The Compleat Kepler: Love Don’t Mean A Thing

cover-smallerLove Don’t Mean a Thing

This story was originally written for an anthology called Sex, Lies, and Private Eyes, edited by Michael Bracken. Unfortunately for Michael and the rest of us who contributed, the publisher pulled the plug in a fit of reorganization. So after two years of waiting, the story reverted back to yours truly. I turned around and submitted it to Thrilling Detective. Needless to say, editors Gerald So and Kevin Burton Smith were happy to have a story that was already largely edited by the time it came over the transom.

When it was accepted, one of the first things Kevin told me was that Kepler does a damn fine Humphrey Bogart in this one. And with the last line in the story, I have to agree.

The original impetus for this story was sex. Now, Nick has no problem hooking up, as evidenced by Northcoast Shakedown and Second Hand Goods. In the latter, he not only is seduced by his client, but he and Elaine…  Well, maybe I’ll wait until Bad Religion is released to tell you more about that.

But sex was never central to the story, except maybe in “Roofies” (which was about sexual assault). The anthology had “sex” right in the title, so this story was going to be about sex. Since I was doing these shorts chronologically, this story ended up occurring about a month before Northcoast Shakedown. In that one, Nick is meeting with Tanya, a witness to one of his cases, at his favorite watering hole. A red-headed waitress named Audrey gives Nick a dirty look for bringing this glamorous blonde into “her” bar. I decided to build on that dirty look.

I’d attempted to do a couple of stories about Nick and Audrey before, never successfully. When this story came about, with sex as its reason for being, I decided that Audrey had always had a crush on Nick. But this being a crime story, there needed to be a crime. But did the crime need to happen before the story began? This was not a mystery. It was noir, and there is nothing more noir than a divorced man who doesn’t understand that his marriage is not only over, but it’s over by court decree. So Audrey marches into the bar, divorce papers in hand, very hungry to devour a man. It just so happens Nick is game and agrees to be Audrey’s dessert.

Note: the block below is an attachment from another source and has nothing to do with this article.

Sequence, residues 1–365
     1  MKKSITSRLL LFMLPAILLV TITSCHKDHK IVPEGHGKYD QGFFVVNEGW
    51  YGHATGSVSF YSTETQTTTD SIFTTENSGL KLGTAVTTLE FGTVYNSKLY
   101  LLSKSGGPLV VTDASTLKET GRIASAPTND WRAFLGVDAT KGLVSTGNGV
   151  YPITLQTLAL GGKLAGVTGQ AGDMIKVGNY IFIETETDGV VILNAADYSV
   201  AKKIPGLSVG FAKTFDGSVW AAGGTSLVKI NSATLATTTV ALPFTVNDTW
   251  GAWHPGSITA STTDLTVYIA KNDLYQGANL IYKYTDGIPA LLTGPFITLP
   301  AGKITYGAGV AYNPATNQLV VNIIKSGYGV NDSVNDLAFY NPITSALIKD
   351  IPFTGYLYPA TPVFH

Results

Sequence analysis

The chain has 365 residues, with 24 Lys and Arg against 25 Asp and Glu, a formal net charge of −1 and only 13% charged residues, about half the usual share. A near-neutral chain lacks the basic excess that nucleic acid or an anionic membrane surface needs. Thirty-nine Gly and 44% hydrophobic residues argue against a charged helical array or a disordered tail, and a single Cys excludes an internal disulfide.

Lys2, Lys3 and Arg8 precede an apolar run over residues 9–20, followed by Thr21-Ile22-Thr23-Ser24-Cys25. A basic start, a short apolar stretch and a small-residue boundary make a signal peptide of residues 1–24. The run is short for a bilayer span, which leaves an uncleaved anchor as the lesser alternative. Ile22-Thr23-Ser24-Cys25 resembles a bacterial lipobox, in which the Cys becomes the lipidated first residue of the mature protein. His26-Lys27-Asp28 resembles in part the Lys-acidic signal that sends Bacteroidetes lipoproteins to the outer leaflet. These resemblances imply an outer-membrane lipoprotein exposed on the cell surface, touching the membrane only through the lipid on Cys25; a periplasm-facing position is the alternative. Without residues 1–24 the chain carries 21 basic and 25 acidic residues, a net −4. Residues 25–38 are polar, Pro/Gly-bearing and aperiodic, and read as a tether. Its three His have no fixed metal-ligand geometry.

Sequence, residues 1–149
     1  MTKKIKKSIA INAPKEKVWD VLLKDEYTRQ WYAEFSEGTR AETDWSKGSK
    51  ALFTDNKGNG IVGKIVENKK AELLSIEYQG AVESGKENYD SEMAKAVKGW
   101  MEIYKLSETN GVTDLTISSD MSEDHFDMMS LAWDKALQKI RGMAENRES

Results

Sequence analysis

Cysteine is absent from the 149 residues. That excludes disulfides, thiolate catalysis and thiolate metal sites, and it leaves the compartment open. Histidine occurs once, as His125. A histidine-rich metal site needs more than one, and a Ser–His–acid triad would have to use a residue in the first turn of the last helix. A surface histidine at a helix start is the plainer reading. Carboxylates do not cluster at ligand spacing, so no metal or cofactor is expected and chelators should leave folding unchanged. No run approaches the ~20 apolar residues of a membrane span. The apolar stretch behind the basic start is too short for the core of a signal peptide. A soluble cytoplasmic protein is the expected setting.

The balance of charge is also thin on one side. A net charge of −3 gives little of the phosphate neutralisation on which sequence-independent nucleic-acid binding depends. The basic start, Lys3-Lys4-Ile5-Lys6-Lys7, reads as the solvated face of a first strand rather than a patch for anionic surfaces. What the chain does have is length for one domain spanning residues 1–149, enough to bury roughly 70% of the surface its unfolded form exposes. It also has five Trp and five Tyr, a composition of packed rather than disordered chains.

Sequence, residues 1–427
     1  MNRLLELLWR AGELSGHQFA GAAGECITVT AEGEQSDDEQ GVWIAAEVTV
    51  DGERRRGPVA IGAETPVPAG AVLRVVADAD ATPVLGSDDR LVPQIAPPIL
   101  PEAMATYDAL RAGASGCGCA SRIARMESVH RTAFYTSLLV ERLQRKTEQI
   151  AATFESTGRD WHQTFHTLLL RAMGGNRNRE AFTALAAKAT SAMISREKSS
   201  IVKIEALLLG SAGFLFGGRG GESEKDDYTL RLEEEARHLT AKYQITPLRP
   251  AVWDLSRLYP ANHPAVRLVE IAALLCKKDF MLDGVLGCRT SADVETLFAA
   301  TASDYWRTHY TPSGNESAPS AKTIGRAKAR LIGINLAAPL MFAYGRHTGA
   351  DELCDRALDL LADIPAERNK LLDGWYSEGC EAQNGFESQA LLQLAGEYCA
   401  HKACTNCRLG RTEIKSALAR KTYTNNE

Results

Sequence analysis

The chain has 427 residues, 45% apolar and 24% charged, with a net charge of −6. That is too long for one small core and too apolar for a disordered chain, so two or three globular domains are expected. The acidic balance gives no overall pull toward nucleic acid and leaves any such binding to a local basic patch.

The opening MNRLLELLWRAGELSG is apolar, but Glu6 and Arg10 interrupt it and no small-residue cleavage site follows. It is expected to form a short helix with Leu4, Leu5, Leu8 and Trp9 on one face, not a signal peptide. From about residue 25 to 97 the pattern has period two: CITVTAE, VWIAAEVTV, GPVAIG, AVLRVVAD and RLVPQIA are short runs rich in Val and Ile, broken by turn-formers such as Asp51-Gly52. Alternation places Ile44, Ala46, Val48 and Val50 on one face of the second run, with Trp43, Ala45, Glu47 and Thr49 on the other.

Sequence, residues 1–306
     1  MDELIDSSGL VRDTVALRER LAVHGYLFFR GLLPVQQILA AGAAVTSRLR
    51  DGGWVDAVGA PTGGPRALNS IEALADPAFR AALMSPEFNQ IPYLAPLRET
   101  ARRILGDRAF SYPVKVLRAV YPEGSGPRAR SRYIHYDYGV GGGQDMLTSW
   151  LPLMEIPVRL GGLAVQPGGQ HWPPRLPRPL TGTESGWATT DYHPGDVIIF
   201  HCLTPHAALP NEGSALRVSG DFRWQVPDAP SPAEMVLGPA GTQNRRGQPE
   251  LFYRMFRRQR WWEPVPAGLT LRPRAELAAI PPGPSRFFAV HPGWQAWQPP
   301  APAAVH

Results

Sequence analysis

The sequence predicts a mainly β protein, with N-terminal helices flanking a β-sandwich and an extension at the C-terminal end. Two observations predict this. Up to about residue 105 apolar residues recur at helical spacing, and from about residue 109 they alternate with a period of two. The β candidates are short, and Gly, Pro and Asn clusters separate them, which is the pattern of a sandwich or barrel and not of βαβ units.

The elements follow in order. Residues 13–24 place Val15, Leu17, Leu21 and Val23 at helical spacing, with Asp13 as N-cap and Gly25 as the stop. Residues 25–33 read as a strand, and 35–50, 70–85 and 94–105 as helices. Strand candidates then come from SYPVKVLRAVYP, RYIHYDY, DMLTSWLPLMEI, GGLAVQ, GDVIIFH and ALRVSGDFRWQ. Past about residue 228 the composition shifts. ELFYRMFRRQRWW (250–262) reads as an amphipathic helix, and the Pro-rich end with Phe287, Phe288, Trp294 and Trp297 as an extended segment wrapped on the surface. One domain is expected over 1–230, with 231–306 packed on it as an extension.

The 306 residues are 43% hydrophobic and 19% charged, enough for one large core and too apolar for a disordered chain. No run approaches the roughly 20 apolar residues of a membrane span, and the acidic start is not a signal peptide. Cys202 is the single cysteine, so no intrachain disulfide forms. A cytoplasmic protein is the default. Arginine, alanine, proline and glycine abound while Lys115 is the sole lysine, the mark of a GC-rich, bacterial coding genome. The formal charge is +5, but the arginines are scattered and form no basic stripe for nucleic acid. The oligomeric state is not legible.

It’s not unknown that ex-husbands (and ex-wives and ex-lovers) often stalk those who dumped them. Audrey’s ex is one such unbalanced person and sneaks into his old house, gun in hand, ready to teach a lesson to his “unfaithful” wife and the man encroaching on his “property.” Oh, friends and neighbors, this is not something Nick Kepler tolerates, not even when he’s caught in the nude at gunpoint. He manages to subdue the wayward ex and proceeds, with considerably less guilt than before, to repeat some of the events of “A Walk in the Rain.” Yes, our wayward ex-husband goes into the trunk, but he’s alive for the trip to a remote beach out near Cedar Point, the coaster mecca 60 miles west of Cleveland. There, Nick releases him from the trunk, but, at gunpoint, tells him to walk to Canada. It’s night. It’s freezing. It’s Lake Erie.  Our boy will drown before he even reaches the breakwall. Nick relents and strands him out in the middle of nowhere, then dumps his car on the freeway.

But was Audrey just after a good time? Or did she know her ex would come after her if she brought a man home? Was there a reason she decided to sleep with a man with a reputation for bringing the abuse back to abusers?


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